Updates from Acabonac Farms + A Discount Code

Last summer, I had the opportunity to visit Acabonac Farms, a grass-finishing cattle farm on the East End of Long Island. Read more about that experience here. This summer, I went back and had the pleasuring of asking a few questions of their bomb-ass female farmer, Cristina. I wanted to offer you a source that once and for all clears up all of the questions around grass-fed vs. finished, why you should be eating grass-finished beef and why Acabonac Farms is such a special place. PLUS they offered my readers a discount code—you can get 15% off their “Metro Box” using the code TEACHEATREPEAT at checkout! How awesome is that?

The following is a series of questions I asked Cristina, and a summary of her answers based on my notes.

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The first question I asked Cristina was, “What does grass-fed vs pasture finished really mean?”

Her response: Grass-fed means that the cattle eat grass at some point in their life. It’s an ambiguous term because it doesn’t always mean that the cattle eat 100% grass for their entire lives. All beef in America starts off drinking mother’s milk, and then transitions to eating grass (which is a cow’s natural diet—they are ruminants after all) until they’re close to finishing weight. Then the cattle are finished, at which point they could either be finished on grass or grain (about 90% of cattle in this country). The sneaky part is they could be out on pasture, but finished on grain or finished on grass, but not on pasture. “Pastured” doesn’t always mean for beef as it might for chicken. If you see 100% grass-fed, then that’s a little more reassuring.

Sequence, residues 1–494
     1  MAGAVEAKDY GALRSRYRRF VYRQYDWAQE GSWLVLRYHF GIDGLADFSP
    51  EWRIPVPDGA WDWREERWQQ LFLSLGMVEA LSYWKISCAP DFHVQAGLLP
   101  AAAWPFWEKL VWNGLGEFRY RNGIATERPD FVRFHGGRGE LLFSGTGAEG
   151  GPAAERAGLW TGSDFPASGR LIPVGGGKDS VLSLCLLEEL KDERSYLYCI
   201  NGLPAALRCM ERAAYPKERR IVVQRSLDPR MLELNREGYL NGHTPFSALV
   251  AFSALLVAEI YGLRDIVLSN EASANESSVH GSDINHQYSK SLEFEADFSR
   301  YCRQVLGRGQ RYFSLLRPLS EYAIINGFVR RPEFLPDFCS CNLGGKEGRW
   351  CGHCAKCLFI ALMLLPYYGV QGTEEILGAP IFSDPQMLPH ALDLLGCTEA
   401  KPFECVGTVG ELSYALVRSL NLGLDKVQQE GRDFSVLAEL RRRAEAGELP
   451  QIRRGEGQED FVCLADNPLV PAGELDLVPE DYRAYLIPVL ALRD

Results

Why do we feed cattle grain if it’s not their natural diet?

Grain helps the cattle put on weight quickly for very little money. It takes longer for an animal to reach its finishing weight on a 100% grass diet. For example (and I LOVE this analogy), if you took a teenager and had him sit down and eat nothing but McDonalds and play video games, he would likely gain a lot of weight and get really sick. If you took that same teenager and put him on a soccer field and had him running and fed him salad and animal protein, you’d get a very different teenager.

That said, the finishing process is where the fat, marbling and distinguishing flavor of the beef come in. Grain fed beef tends to have a higher fat content, grass-finished is much leaner. The fat in grain-finished animals doesn’t have as much flavor, so you need more of it to get that juicy umami thing we all love. You get much more flavor for your fat buck from a grass-fed animal.

Why should we be eating grass-fed and finished beef?

Not only does it have more flavor, but it has a superior health profile. It’s higher in omega-3 fatty acids (good for your brain), CLA (good for your belly fat), and higher in Beta Carotene and Vitamin B (good for your energy), and lower in fat and calories than conventionally farmed beef of the same fat %.

What does raising beef on the East End look like?